Hoffa: Overworking truckers is dangerous
Highways across Michigan and the U.S. have become increasingly dangerous for motorists. And that will only get worse if Congress approves a transportation spending bill that effectively keeps the suspension of rules in place that allow truck drivers to work longer hours, that permits larger double-trailers and that prevents the U.S. Department of Transportation from raising minimum insurance standards that have been frozen in place for the last three decades.
The fate of those provisions, tucked inside a $55 billion federal transportation spending bill, is now being considered on Capitol Hill. Despite the recent settlement related to a high-profile crash last year involving a Walmart driver hitting a vehicle carrying comedian Tracy Morgan that killed another man, lawmakers are still brushing aside safety concerns.
More than 4,000 lives are claimed each year on our highways in accidents involving tractor trailers, many of which don’t get national headlines. Long hours on the road are often the cause of them because drivers feel pressured by their employers to push their limits. In fact, it was long hours on the job that led to the crash that injured Morgan and killed fellow comedian James McNair.
Those forces will only increase, however, if “hours of service” rules, loosened last year by Congress, are allowed to continue. By reducing the hours drivers are forced to rest each week, a maximum 70-hour workweek is extended to 82 hours. If this legislation becomes law, that scenario is very likely to continue. Drivers are less likely to be alert behind the wheel, which leads to more crashes.
That makes sense to most anyone. But a lesser-known issue is one involving longer tractor trailers. The transportation appropriations bill would allow trucks to pull 33-foot trailers. As it stands, states are allowed to set the standard, and many limit their length to the federal minimum of two 28-foot trailers.
Michigan and 38 other states could be forced to allow these oversized rigs on their roadways if Congress approves the legislation. And there are plenty of reasons why these states now don’t. For one, the longer double trailers would add an additional 10 feet to the length of existing double trailers, making it harder to pass these trucks and harder for truck drivers to see who’s beside them. Longer trucks also need greater stopping distances, and over-congested highways leave little room for driver reaction times when it comes to changing lanes and reduced speeds. Even the Department of Transportation (DOT) is recommending lawmakers make no changes to truck size and weight rules.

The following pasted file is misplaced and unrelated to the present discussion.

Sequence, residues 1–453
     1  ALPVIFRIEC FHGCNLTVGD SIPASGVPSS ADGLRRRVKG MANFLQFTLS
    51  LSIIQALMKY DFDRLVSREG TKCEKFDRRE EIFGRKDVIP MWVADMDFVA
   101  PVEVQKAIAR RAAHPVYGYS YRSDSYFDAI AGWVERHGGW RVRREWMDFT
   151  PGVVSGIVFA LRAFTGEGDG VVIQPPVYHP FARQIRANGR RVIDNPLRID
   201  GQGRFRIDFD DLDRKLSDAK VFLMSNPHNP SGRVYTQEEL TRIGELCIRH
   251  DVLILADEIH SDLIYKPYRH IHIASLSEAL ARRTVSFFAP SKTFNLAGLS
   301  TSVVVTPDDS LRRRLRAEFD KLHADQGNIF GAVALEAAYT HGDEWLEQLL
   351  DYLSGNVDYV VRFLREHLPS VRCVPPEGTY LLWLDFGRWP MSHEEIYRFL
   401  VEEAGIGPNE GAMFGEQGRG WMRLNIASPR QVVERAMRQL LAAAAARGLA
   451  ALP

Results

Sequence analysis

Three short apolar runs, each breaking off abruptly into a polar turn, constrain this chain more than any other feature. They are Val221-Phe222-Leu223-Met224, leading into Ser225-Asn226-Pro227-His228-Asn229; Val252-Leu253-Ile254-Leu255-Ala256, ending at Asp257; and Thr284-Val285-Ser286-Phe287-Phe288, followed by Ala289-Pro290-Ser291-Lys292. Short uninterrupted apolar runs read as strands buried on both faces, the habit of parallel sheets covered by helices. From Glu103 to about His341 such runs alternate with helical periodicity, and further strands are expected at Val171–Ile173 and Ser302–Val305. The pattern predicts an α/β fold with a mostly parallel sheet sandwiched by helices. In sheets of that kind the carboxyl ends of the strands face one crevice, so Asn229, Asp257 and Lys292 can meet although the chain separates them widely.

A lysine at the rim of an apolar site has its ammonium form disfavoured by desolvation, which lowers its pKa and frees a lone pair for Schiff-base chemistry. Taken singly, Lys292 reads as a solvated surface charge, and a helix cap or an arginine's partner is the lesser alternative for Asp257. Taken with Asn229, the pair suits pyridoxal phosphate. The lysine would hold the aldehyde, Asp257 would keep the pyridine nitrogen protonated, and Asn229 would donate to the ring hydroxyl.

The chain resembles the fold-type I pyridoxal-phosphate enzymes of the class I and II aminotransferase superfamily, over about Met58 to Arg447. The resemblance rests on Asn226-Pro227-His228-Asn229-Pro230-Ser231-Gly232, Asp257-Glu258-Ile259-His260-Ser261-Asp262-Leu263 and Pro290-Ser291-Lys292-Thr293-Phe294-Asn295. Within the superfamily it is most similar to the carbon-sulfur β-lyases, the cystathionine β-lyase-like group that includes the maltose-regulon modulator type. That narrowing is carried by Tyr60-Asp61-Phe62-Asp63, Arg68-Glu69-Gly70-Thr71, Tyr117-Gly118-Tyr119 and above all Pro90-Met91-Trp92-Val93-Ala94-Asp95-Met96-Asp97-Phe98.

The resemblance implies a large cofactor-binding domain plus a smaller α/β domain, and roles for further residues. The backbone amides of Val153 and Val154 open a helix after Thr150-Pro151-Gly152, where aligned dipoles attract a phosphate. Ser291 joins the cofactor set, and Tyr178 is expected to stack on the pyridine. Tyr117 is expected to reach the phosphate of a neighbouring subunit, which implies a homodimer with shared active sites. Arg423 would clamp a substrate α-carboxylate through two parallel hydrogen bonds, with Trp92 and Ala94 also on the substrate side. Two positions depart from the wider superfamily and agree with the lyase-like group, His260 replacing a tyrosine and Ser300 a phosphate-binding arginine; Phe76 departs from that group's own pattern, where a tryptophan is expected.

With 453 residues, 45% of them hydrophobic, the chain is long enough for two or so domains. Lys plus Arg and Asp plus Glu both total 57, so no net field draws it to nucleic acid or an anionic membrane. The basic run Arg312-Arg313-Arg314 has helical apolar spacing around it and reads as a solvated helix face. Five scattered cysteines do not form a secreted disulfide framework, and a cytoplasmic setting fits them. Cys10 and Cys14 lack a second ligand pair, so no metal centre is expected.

Safety is also an issue when it comes to truck insurance. The DOT is ready to propose rules on this issue, so why is Congress looking to quash this matter before the agency can act? The desires of the trucking industry, that’s why. Even though medical costs and property damages have grown significantly since the current requirements were put in place, these big businesses are turning a blind eye to the problem.
More than 600,000 Teamsters turn a key to a truck for a living. The nation’s roadways are their office. Naturally, highway safety is important to our union. But anyone except special interests will tell you that these changes being considered by Congress are no way to improve the safety of Michiganians.
James P. Hoffa is president of the International Brotherhood of Teamsters.
Labor Voices columns are written on a rotating basis by United Auto Workers President Dennis Williams, Teamsters President James Hoffa, Michigan AFL-CIO President Ron Bieber and Michigan Education Association President Steven Cook.